Motivations of the Nazi’s "Ordinary Men"

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Motivations of the Nazi’s – “Ordinary Men”

Holocaust IDU – English & World Studies
In trying to understand the Holocaust, it is understandably common that we focus on the feelings of the victims – after all, we need to empathize or at least sympathize with them in order to comprehend their pain and the evil that caused it. Perhaps another reason we do this, though, is that we resist attaching real feelings to the predators of the Holocaust: “They weren’t real, everyday people; they were monsters. I have nothing in common with them!” The truth is, however, that the Germans who carried out the horrendous acts of the Holocaust we largely everyday people, not too different from you or I or any of our families right here in Hilliard. So what could have motivated people just like us to commit some of the most evil acts in human history? It is our understanding of that concept that holds the key to never letting it happen again.
Part 1: Oral Reading: Chapter 1 of Ordinary Men
Listen to the background of our particular incident. Remember, they had a choice!
Part 2: Summary & initial response to reasons given for why these men chose to kill

  • No time to think: it all happened too suddenly.

  • Need to conform: didn’t want to be called cowards – though they later admit that made them cowards in itself.

  • Fear: false threat that women and children were being bombed in Germany; Jews had caused the boycott by the United States that had damaged Germany.

  • Saviors: saving the Jews from further suffering that was sure to come; saving children from suffering without their parents.

  • Dehumanized Jews: Jews were less than people; it was more like shooting “things.”

  • Ironically, very few actually said they hated Jews at all!

Which of these reasons most likely might have motivated you if you were in the German’s shoes? Why?

What would you say to someone who was about to commit murder for that reason?

Which do you think is the weakest, most inexcusable motivation? Why?

What would you say to someone who was about to commit murder for that reason?

Part 3: Read/View and Respond
1. Read the lead-in and poem below and respond after.
“Hanging on the wall behind [a group of smiling Germans] is a hand-lettered ditty which they obviously composed themselves:”

The watchword for today

Now the light-stepped fun begins

And all feels well. (Goldhagen 247)
How does this little poem make you feel when you consider its topic?

Write an equivalent three-line poem in response to it – try to use your emotional response described above.

A man from Police Battalion 101 amuses himself and the beaming German onlookers with their Jewish playthings.

(Goldhagen 245)

2. In at least a ten line poem, address any one of the men in this picture – what would you like to say to him? Alternately, you may write a 4-6 sentence “letter” to him instead.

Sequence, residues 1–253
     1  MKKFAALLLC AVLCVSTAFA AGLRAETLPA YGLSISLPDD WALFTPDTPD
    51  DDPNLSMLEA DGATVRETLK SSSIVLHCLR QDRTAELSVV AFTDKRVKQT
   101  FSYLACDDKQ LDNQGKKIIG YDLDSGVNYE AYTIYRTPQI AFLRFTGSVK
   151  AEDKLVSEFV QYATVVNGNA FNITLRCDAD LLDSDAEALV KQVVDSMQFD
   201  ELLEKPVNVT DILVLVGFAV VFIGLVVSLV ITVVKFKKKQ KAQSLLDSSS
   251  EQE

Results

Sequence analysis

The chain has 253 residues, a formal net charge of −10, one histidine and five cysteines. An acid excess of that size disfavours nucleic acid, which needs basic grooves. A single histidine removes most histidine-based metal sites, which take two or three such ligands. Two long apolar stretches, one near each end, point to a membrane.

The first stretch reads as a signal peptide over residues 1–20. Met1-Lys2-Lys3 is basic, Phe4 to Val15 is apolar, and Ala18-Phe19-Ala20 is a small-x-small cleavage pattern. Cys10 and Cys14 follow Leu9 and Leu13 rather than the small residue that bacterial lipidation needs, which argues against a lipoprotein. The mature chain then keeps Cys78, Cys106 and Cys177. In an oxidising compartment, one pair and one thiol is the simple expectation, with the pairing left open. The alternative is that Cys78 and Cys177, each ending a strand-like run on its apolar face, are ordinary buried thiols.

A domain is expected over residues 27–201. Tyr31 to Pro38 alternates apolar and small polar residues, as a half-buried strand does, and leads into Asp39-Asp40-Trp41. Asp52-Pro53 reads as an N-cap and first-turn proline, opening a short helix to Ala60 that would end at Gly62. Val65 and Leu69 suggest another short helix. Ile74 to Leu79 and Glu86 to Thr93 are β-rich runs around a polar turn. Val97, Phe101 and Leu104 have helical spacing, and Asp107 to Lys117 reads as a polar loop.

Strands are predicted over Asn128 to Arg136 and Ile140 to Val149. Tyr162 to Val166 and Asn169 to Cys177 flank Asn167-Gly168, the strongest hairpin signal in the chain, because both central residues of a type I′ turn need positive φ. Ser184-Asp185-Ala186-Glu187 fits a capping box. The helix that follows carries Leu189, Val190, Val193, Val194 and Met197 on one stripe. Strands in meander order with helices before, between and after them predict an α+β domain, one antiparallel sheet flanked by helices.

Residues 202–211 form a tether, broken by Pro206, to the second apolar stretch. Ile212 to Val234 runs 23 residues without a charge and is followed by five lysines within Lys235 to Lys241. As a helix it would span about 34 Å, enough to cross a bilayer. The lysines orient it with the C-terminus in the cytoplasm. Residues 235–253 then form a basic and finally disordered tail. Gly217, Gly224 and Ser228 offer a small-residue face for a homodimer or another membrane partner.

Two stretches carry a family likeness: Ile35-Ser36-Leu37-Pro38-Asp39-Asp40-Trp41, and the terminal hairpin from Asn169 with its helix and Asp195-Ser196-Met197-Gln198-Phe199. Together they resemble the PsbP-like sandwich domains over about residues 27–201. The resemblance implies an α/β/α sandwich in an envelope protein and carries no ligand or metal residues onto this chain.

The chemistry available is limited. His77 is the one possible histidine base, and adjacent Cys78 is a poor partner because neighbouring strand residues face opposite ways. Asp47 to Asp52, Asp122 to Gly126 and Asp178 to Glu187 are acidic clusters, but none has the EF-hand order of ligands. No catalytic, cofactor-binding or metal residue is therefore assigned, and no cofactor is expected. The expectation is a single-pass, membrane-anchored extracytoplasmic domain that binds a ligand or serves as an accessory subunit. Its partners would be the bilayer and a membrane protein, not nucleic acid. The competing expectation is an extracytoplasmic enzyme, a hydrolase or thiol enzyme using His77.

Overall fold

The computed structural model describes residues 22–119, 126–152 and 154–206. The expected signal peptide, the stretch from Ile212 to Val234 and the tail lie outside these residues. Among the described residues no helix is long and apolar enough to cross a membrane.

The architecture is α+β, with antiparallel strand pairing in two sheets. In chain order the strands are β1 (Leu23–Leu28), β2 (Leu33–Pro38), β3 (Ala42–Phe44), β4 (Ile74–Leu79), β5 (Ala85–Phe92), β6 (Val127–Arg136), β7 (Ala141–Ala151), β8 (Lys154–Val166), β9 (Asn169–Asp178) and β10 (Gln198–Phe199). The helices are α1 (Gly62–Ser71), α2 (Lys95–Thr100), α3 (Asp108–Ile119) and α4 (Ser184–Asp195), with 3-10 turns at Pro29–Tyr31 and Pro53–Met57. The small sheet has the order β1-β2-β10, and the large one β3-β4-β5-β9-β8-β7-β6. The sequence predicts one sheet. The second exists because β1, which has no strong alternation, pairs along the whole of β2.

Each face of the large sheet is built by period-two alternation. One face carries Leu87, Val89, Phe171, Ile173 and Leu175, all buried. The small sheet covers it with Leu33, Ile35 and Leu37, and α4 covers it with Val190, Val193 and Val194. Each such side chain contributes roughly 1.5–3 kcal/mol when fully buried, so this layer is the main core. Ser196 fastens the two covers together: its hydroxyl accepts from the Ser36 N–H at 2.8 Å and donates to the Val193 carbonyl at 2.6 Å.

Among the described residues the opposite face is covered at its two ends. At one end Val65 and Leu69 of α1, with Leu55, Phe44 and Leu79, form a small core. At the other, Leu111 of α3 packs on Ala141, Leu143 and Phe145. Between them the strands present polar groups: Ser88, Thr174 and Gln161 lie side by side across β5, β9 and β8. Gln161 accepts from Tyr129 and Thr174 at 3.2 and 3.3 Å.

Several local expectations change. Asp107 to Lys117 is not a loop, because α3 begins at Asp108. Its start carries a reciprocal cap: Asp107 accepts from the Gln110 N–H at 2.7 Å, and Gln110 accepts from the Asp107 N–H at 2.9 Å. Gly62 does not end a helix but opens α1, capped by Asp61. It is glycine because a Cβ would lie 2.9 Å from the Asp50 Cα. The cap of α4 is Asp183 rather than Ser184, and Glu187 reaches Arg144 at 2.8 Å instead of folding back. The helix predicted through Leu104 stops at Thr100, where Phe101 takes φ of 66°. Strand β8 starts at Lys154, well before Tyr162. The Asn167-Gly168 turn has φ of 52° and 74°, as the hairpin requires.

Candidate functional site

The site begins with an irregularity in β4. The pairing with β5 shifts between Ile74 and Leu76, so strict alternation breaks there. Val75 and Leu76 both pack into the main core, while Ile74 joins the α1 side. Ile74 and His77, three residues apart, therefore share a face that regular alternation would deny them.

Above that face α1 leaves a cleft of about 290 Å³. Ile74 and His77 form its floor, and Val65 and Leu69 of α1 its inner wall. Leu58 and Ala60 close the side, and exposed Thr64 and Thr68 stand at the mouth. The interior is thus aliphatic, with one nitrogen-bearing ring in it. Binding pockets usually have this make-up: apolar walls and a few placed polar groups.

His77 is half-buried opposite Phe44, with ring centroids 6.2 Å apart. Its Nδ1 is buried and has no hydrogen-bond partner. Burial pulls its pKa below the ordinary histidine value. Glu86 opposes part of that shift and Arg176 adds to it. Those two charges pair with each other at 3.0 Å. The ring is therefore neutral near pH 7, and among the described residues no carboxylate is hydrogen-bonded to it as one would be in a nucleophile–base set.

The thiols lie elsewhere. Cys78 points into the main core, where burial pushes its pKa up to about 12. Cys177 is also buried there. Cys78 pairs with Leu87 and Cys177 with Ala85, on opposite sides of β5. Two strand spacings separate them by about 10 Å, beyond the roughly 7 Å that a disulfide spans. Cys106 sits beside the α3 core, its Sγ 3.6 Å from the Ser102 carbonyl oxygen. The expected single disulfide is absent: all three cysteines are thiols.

3. “When the question is put to me why did I at all participate in the shooting, I must say that one does not want to be considered a coward.” (Goldhagen 251)
It is clear from the above quotation that even grown men are susceptible to what is essentially peer pressure – the wish to avoid rejection in the eyes of one’s peers. What is it about his sort of pressure that makes it so strong, even in adults? How do you resist this sort of pressure in your own life? Do you think you could resist it in an incredibly powerful and serious situation such as that faced by the Germans?

4. “I made the effort, and it was possible for me, to shoot only children. It so happened that the mothers led the children by the hand. My neighbor then shot the mother and I shot the child that belonged to her, because I reasoned with myself that after all without its mother the child could not live any longer. It was supposed to be, so to speak, soothing to my conscience to release children unable to live without their mothers.” (Browning 73)
First, respond emotionally/intellectually to what you have just read – read it again for full effect:
Second, what you read in the quotation above is referred to by psychologists as “rationalization” or a defense mechanism by which your true motivation is concealed by explaining your actions and feelings in a way that is not threatening. Why do you think people do this? When do you do it? Give an example. What do you find dangerous about human beings’ ability to do this?

5. Finally, if there is time, attach a sheet of paper to this handout on which you summarize what makes ordinary people commit horrendous acts and what we have to do to make sure that such forces do not affect us like that ever again.


Browning, Christopher. Ordinary Men. New York: HarperPerennial Books, 1998.

Goldhagen, Daniel. Hitler’s Willing Executioners. New York: Vintage Books, 1997.

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